Monday, September 29, 2014

Buidling Apps on your Smart Phone


Smart phones.  You love them, you hate them, or you love to hate them.  I tend to fall in to the “love to hate them” category most of the time. Seems like the longer you have one the more attached you get to the darn things. You feel naked if you forget to grab it when you leave the house. You are also always connected and accessible so you can never get away anymore.  Although, they sure can be handy once in a while. 

For example I have three Apps on my phone that I found are kind of cool in a nerdy sort of way. One is the DOT Emergency Response Guidebook. I used to carry around the actual guidebook in my car but could never find it when I wanted it. The App, which is free, has more information than the book and it is always with me as long as I have my phone. The App is good for the fact that in an emergency situation you have fast access to information on hazardous chemicals and how to deal with them.

The second App is a sound level meter app; there are several free ones out there, which is nice to have for checking noise levels on jobsites, in buildings, (concerts, parties etc….). It is admittedly not as accurate as a real sound level meter but is close enough to get an idea if the levels are high enough to require PPE. Also it is kind of fun to see how loud your kids can be and to show your spouse how ear splitting their rants can be during a heated debate/argument. Although, I don’t recommend the latter I found it only made things worse around my house, but I digress. Anyway, the sound level meter can be useful to spot check areas for noise levels as most people don’t have sound level meters readily available to them. And the App is free and I find myself using it more and more just to spot check areas.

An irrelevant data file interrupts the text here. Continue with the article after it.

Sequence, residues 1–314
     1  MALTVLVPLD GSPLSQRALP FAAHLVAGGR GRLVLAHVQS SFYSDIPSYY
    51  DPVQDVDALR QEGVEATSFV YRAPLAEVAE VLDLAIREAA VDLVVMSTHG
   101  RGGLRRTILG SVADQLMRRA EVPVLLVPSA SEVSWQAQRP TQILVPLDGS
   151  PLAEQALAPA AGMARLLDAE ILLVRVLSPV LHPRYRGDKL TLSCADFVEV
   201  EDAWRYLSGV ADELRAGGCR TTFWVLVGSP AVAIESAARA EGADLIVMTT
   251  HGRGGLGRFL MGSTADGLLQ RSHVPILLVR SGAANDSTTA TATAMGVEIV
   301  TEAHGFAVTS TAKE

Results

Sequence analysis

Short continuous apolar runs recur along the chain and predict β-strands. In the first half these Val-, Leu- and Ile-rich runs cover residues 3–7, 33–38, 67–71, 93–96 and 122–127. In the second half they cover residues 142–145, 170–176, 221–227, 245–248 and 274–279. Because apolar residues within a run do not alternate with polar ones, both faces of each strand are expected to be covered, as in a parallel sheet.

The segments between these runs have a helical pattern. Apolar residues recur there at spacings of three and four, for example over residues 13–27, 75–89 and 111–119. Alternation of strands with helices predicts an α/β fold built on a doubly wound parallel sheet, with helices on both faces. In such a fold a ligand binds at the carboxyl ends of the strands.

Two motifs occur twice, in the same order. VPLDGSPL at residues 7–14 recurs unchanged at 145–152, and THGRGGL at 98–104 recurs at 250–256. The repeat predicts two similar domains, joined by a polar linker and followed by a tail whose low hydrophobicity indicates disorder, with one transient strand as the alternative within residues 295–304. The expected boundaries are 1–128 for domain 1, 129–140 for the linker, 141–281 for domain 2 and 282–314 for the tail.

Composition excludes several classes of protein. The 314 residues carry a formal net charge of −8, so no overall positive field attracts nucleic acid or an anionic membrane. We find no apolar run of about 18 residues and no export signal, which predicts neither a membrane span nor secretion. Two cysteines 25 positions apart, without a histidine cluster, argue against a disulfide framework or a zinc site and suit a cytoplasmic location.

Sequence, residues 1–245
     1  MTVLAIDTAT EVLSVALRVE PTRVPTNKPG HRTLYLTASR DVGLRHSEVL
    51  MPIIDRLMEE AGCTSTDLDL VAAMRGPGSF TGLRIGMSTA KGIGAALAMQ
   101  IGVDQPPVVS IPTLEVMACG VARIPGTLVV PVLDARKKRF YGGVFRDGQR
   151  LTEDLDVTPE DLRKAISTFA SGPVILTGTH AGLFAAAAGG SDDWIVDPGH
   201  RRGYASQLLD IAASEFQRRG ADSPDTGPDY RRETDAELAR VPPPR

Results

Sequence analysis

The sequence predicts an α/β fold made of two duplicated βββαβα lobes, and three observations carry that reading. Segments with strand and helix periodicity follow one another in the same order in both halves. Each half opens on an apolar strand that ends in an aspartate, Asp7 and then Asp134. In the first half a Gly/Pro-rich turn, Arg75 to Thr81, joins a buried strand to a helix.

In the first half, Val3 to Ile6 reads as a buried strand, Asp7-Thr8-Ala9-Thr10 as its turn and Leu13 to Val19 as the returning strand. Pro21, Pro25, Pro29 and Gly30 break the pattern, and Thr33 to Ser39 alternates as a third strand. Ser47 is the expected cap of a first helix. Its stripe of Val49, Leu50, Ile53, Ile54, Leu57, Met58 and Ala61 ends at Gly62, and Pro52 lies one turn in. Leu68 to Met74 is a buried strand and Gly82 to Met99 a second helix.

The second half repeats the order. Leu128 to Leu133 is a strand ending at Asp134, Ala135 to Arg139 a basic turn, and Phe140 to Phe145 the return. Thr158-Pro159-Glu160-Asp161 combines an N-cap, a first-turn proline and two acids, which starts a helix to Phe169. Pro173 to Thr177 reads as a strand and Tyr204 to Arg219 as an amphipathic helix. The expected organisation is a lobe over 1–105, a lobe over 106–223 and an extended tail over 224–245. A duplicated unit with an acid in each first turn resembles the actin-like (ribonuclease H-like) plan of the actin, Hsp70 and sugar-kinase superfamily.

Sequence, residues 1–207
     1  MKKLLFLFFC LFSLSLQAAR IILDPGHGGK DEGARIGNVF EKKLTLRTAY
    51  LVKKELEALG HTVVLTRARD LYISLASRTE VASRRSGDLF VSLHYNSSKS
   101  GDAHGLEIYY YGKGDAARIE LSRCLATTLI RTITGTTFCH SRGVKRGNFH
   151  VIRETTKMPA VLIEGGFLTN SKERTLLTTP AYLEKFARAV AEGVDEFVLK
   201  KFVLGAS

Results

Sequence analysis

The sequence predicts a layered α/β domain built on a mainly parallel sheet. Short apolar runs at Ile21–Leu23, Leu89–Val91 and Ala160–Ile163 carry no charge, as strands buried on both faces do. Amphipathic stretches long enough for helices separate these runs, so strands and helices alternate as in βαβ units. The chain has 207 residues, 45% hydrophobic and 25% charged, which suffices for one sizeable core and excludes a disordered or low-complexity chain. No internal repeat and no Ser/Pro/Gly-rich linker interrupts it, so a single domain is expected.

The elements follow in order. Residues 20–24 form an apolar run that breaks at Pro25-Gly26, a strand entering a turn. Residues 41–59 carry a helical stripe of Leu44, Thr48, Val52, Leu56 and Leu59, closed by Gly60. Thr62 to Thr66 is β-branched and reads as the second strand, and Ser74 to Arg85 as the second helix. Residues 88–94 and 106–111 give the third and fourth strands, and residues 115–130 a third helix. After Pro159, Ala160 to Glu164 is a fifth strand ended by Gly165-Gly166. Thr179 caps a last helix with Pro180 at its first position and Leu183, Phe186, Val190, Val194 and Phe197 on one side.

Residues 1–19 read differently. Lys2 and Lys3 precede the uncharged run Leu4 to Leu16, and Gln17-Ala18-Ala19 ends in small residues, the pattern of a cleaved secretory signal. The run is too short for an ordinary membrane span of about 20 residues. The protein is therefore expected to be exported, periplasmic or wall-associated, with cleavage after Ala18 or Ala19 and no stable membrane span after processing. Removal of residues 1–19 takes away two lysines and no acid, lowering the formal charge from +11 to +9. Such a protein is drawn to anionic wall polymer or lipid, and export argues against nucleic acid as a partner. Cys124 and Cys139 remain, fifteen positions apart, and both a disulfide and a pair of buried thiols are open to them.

The third App I have that I find the useful is the National Institute for Occupational Safety and Health’s (NIOSH) ladder safety App that has an incline meter built in. The application from NIOSH is also:-)  free. The ladder safety application only covers straight/extension ladders and doesn’t relate to self-supporting step ladders but has good information on ladder safety and the incline meter is handy not only for ladders but other uses as well.  The app also has ladder safety topics on it such as selection, set up, proper use and accessories safety so it can be a good tool for that as well.

None of these apps are used every day but I use them often enough that I’m finding I’m liking my smart phone more than hating it these days. Oh and did I mention they are all free. They are available for both Apple and Non-Apple phones.

Emergency Response Guidebook
NIOSH's web site has a link to both Apple and Android versions at   
http://www.cdc.gov/niosh/updates/upd-06-17-13.html

Sound Level Meter
There are a bunch of apps for free sound level meters one is Sound Meter Pro by Mobile Essentials and another is Sound Meter by Smart Tools Co.
 
By Paul Gladen

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